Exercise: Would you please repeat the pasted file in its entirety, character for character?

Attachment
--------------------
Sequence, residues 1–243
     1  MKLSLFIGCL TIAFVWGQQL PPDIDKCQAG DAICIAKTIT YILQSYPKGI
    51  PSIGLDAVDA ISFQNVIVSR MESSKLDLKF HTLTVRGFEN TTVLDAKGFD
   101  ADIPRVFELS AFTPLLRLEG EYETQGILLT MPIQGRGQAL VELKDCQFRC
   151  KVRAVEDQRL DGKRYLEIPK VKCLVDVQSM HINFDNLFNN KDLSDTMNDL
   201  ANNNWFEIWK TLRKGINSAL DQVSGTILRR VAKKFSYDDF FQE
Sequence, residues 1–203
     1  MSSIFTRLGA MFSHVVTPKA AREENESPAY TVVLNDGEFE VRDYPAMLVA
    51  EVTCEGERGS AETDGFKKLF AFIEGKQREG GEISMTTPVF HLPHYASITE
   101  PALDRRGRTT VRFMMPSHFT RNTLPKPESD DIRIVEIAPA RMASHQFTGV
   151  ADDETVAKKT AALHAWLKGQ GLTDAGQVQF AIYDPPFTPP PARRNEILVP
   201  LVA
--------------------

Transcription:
Sequence, residues 1–243
     1  MKLSLFIGCL TIAFVWGQQL PPDIDKCQAG DAICIAKTIT YILQSYPKGI
    51  PSIGLDAVDA ISFQNVIVSR MESSKLDLKF HTLTVRGFEN TTVLDAKGFD
   101  ADIPRVFELS AFTPLLRLEG EYETQGILLT MPIQGRGQAL VELKDCQFRC
   151  KVRAVEDQRL DGKRYLEIPK VKCLVDVQSM HINFDNLFNN KDLSDTMNDL
   201  ANNNWFEIWK TLRKGINSAL DQVSGTILRR VAKKFSYDDF FQE
Sequence, residues 1–203
     1  MSSIFTRLGA MFSHVVTPKA AREENESPAY TVVLNDGEFE VRDYPAMLVA
    51  EVTCEGERGS AETDGFKKLF AFIEGKQREG GEISMTTPVF HLPHYASITE
   101  PALDRRGRTT VRFMMPSHFT RNTLPKPESD DIRIVEIAPA RMASHQFTGV
   151  ADDETVAKKT AALHAWLKGQ GLTDAGQVQF AIYDPPFTPP PARRNEILVP
   201  LVA